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The shutters rise on a high-end fashion store, the ground in front is liquid, gently rippling as it obscures the entrance.
Cutting to a second window display, the street abandoned, the water held back from the doors by solid metal barriers. Inside a screen displaying a runway-show is directed toward us, a frame within a frame, the water reflects and is reflected on the polished stone floor, the models walk on the liquid ground as the cycle of capitalist desire reflects en-abyme (infinitely recurring).
Filmed in Venice’s designer shopping district, during November 2019, just after the second highest ‘Aqua Granda’ floods which reached 187cm above sea level. Shot on handheld digital cameras, RISE details a sequence of shop window displays, mid-morning, as the flood water is starting to recede. Revealing a slow-motion re-awakening of this exclusive commercial attraction, come hell or high water.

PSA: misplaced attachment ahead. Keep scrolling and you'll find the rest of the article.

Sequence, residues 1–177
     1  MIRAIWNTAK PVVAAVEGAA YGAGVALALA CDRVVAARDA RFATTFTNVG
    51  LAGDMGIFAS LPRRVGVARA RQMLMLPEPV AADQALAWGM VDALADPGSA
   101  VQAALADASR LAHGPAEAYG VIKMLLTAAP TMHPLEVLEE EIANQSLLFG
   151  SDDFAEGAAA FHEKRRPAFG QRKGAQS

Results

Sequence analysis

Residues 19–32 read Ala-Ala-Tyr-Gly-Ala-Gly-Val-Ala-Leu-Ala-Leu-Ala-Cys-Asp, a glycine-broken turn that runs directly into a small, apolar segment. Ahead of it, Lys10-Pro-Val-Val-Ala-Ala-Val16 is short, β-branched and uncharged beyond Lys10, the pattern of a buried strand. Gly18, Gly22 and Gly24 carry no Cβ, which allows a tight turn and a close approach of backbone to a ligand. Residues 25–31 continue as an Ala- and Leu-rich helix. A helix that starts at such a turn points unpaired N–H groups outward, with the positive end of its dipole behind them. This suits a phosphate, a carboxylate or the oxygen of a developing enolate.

Cleaners and shop workers largely remain behind the glass windows, mopping the flooded floors, polishing the glass, and dusting the displays. Referencing Marry Kelly’s Nightcleaners (1972-75) the film captures behind the scenes daily maintenance, an endless wiping over. The workers encased in designer displays, as a slow chaos ensues just the other side of the glass divide.
This is a performance of maintaining a status quo – which echoes the structural façade of Venice as a floating city, built and maintained as a lucrative trade route where there is no truly stable ground.
Set to a vocalisation of the ‘Aqua-Alta’ siren, which pre-warns Venetian’s of the expected level of flooding across the city. A sliding tonal scale, whereby the higher the note the higher the predicted water level. This is reinterpreted as a pared back vocal hum, internalising the warning to become intimate and human, a haunting siren that raises no alarm, like a pied piper’s call leading us to the inevitable. Our collective hubris wipes away the warnings of the impending threat of climate disaster as we seek refuge in retail therapy.